Josh Waitzkin on The Art of Learning

I first heard of Josh Waitzkin after he was an interview subject on Tim Ferriss’ podcast. I listened to the 2nd ever Tim Ferriss show about 12 months ago and more recently heard the second podcast with Josh.

Today I’m listening to Tim and Sebastian Junger speaking and Josh is mentioned again. Tonight, I decided to listen/watch more about Josh, and came across this interview with him. My highlights are:

  • We see teachers who try to fit students into a cookie cutter mould…a teacher knows how to create someone in his own image and try to fit the student into the mould, good for himself and bad for the student
  • A student would do much better to have a teacher who was open to bringing out that students natural shine, their natural strengths
  • We need to be true to our natural strengths and be aware of our natural talents
  • An artist needs to be unobstructed as possible the way the express themselves.

One of the more interesting, endearing moments, however comes just after a question is asked about the movie The Search for Bobby Fischer (the story is about Josh’s chess career) where Josh breaks into laughter about something off-camera, and breaks into smiling and laughter, at a time I felt the conversation was about to get deep and serious.

Other points of note re: learning (specifically related to transitioning from Chess into Tai Chi):

  • Be wide open to every last bit of information; hold no ego about being wrong
  • You need to want to be moulded
  • Changing your perceptual patterns at will (in relation to understanding time moves at different speeds)

As always, the challenge is adopting these principles into our own lives and coming up with a way to embed them in our lives.

Simon Sinek on Authentic Leadership

Today I heard one of the best, most closest-to-me podcasts that I think I have ever heard. Simon Sinek was a guest on The Ziglar Show (Inspiring True Performance), speaking about how to actually, authentically lead.

Part way through the podcast I began really tuning in and absorbing the content to the detriment of what I was currently doing – akin to getting into a flow state listening to the discussion and the message being shared). I recommend you take a listen to the podcast, and let me know your thoughts on whether this had the same impact on you that it had on me.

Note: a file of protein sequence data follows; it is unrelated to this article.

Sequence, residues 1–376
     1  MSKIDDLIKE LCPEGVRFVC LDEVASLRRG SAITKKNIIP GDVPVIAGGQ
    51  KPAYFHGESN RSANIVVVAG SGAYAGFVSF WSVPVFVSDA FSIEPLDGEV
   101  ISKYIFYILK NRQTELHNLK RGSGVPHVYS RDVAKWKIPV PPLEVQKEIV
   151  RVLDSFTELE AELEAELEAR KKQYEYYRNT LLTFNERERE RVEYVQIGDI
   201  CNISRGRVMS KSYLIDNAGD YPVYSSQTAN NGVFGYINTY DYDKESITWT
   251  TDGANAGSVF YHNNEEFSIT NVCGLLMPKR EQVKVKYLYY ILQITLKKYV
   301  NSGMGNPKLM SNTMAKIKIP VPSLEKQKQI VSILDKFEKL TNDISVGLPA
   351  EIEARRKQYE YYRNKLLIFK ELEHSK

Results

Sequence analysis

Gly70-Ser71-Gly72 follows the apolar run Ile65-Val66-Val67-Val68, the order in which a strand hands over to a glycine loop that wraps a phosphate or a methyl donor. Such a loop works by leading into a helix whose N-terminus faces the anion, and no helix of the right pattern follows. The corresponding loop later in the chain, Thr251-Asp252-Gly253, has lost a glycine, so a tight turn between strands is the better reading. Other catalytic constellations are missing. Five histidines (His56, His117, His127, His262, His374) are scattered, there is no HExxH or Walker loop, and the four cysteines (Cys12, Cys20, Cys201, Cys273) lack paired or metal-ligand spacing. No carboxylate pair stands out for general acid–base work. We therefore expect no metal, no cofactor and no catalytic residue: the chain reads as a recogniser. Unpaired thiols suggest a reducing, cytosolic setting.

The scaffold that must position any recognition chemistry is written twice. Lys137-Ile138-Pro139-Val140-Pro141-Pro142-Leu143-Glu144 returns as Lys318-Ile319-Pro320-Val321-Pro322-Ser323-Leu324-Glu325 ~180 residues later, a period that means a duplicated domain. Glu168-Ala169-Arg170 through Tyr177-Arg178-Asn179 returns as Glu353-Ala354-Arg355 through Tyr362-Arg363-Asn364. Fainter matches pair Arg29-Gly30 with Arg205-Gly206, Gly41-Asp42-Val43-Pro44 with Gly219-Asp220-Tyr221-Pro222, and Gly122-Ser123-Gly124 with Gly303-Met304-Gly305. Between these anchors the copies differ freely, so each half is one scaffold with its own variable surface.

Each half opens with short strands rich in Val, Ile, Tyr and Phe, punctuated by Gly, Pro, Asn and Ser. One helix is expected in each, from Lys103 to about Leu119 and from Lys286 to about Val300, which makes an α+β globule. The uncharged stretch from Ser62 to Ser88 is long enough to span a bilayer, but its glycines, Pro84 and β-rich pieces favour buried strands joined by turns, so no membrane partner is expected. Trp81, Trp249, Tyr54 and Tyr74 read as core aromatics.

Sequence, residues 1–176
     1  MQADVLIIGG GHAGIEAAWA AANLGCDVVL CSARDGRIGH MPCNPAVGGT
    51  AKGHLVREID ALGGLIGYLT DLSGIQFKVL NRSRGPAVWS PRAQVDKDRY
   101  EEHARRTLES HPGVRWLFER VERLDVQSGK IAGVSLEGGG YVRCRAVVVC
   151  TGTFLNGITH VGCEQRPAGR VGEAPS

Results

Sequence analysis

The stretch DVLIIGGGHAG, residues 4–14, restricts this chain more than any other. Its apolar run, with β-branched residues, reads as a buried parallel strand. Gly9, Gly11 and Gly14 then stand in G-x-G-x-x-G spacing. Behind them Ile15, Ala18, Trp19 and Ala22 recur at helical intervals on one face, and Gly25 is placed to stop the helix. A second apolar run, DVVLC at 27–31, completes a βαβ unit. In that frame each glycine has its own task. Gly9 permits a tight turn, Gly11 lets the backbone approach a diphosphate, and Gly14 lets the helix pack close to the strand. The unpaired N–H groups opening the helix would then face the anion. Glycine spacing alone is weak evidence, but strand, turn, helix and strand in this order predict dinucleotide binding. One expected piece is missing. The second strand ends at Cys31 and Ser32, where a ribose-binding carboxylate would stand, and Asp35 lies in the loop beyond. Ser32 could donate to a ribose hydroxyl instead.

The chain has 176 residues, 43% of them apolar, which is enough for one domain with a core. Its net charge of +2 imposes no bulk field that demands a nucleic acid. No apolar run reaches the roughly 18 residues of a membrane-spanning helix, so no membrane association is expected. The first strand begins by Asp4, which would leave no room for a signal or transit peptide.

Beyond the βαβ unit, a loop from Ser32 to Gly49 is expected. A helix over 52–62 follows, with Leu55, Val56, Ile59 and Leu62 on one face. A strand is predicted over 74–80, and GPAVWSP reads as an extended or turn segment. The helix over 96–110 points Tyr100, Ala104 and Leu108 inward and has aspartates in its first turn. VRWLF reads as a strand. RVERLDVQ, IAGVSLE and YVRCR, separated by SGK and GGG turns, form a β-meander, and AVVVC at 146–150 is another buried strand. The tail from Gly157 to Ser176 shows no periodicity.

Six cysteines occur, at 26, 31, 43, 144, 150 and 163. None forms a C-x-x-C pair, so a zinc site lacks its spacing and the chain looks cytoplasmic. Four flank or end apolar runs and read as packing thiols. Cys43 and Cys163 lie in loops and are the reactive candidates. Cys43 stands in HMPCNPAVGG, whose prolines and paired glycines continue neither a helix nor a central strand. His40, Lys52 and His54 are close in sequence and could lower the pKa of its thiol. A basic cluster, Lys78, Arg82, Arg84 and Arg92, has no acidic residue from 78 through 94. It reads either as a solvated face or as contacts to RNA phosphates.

Some of the key points I took away:

  • Leadership is not a rank or position. Leadership is a decision and a choice. It has nothing to do with your position in the organization. If you look after others, you have become a leader. “We call you a leader because you have the strength and confidence to go first into the danger, first toward the unknown, and we will follow”A great way to explain leadership. I also like to think of it as someone (yes, it can be a subordinate or individual) can take on a leadership role without being asked and without seeking recompense in some way.
  • He admitted to ‘cheating’, and only talking about things he cares about and things he understands. There are so many people out there who think they need to be someone they are not in order to build credibility, a fan base, an audience or even to feel ‘popular’. Being true to yourself is a key element to being trustworthy and being authentic!
  • If you want a work environment where you feel safe and supported, and you love your work, you must find or create a work community that fosters this.
  • Command and control is short term and will not last; those that last are those who are in service to others